The Telegraph
Tuesday , October 3 , 2017

Sushma IIT praise comes with price tag

New Delhi, Oct. 2: When foreign minister Sushma Swaraj plugged the IITs as a symbol of India's success at the United Nations last month, she would have little expected to be asked to put her money where her mouth was.

The challenge has now come - not from Pakistan, whose "export factory for terror" she had contrasted disparagingly with India's premier tech schools, but from retired IIT professors.

Thanking Sushma for her praise of their institutes, these pensioners have sought her help in securing an increased dearness relief that they believe is their due. For, they "have contributed in no small measure to make (the) IITs what they are today, worthy of mention in an address to the world body".

Although the foreign ministry has officially no say in the matter, the retired teachers say they wrote to Sushma because the Union human resource development (HRD) ministry had ignored their pleas.

One of the letters to Sushma was written by A.L. Agrawal, general secretary of the Pan IIT Retired Faculty Association, who said: "I wrote several letters to the higher education secretary who has not replied."

A retired IIT Kanpur professor, S.K. Aithal, has written to the foreign minister independently with the same demand, forwarding copies of the "thank you email" to many of his former colleagues.

"All those who are associated with IITs are pleased, cheered and flattered by your complimentary reference to IITs in your recent speech at the UN. Thank you," Aithal wrote.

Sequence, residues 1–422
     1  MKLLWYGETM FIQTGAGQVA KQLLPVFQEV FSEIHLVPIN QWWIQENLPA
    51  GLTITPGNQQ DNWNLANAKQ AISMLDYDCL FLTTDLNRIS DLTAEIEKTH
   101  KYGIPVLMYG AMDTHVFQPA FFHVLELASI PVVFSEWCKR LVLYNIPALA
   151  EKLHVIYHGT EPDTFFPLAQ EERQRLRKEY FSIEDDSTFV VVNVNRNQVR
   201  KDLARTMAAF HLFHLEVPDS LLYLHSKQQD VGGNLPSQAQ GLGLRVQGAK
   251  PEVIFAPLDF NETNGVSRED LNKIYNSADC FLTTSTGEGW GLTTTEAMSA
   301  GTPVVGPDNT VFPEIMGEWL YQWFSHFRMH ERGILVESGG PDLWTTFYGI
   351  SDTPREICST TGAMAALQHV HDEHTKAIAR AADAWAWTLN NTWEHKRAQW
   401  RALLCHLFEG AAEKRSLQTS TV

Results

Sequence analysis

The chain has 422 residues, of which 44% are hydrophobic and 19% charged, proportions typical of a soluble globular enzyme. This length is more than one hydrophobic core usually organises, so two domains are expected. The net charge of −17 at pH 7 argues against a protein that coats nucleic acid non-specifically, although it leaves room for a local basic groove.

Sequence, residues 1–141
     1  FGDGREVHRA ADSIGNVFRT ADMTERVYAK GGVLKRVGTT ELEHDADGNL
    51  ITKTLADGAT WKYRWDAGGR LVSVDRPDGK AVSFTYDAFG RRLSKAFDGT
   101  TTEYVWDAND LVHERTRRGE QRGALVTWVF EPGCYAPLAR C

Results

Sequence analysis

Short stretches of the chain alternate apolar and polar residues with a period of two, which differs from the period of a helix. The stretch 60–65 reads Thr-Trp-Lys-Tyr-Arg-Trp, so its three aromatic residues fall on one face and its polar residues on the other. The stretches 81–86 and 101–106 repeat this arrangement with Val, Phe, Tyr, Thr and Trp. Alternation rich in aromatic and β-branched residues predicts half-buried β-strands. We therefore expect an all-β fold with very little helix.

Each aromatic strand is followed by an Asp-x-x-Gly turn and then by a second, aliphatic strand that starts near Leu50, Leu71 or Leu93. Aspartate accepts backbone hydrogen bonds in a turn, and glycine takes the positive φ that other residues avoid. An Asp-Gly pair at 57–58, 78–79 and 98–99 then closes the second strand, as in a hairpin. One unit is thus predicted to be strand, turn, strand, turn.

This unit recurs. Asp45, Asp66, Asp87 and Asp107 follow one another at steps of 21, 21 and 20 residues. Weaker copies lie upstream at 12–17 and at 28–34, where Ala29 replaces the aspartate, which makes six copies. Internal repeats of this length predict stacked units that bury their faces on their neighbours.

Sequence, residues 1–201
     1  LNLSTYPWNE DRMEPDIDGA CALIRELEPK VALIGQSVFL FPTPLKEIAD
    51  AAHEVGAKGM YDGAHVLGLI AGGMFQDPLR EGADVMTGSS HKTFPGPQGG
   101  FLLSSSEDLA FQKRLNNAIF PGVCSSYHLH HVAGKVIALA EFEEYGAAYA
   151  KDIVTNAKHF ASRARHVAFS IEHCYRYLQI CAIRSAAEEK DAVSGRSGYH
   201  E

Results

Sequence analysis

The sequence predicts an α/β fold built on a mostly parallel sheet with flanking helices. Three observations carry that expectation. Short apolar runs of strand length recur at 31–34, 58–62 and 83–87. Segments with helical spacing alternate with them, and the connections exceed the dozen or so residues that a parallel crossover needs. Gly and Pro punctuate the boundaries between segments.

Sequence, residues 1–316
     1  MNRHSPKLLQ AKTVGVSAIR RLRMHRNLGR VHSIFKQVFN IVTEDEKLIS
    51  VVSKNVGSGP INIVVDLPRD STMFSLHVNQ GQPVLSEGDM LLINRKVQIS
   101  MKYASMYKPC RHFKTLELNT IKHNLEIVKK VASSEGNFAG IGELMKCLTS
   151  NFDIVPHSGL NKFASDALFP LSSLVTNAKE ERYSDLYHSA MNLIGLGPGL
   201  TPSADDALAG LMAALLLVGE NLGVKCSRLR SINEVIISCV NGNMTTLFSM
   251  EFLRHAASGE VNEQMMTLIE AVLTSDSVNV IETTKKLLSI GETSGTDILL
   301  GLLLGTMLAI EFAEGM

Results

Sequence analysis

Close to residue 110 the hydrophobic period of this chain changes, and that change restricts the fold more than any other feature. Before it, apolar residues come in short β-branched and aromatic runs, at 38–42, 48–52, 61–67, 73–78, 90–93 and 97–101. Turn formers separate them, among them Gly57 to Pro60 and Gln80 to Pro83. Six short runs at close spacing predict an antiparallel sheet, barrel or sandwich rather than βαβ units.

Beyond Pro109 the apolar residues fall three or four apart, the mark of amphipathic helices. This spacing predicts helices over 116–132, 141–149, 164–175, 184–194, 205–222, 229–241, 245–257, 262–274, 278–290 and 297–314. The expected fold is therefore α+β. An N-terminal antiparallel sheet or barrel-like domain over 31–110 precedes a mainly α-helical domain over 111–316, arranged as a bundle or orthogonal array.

"May we request you to please take up the matter with your colleague Hon'ble (HRD) Minister Sri Prakash Javedkar and set the machinery in motion to get IIT pensioners the enhanced (dearness relief) payable to them?"

Agrawal said the regular IIT teachers received a dearness allowance that was 139 per cent of their basic salary while 2,000-odd retired professors were paid 125 per cent dearness relief, which has not been revised since January 2016.

Sources said that IIT Delhi and IIT Bombay paid their retired teachers a higher dearness relief - 132 and 136 per cent, respectively - and had been ticked off by the HRD ministry for doing so without "government permission". The retired professors want parity with serving IIT teachers.

An HRD ministry official said the finance ministry had not cleared either the enhanced dearness relief or the revised pensions as suggested by the 7th Pay Commission.

S.N. Majhi, a retired IIT Madras teacher, said the Centre was delaying the implementation of the revised pay for serving IIT teachers too.

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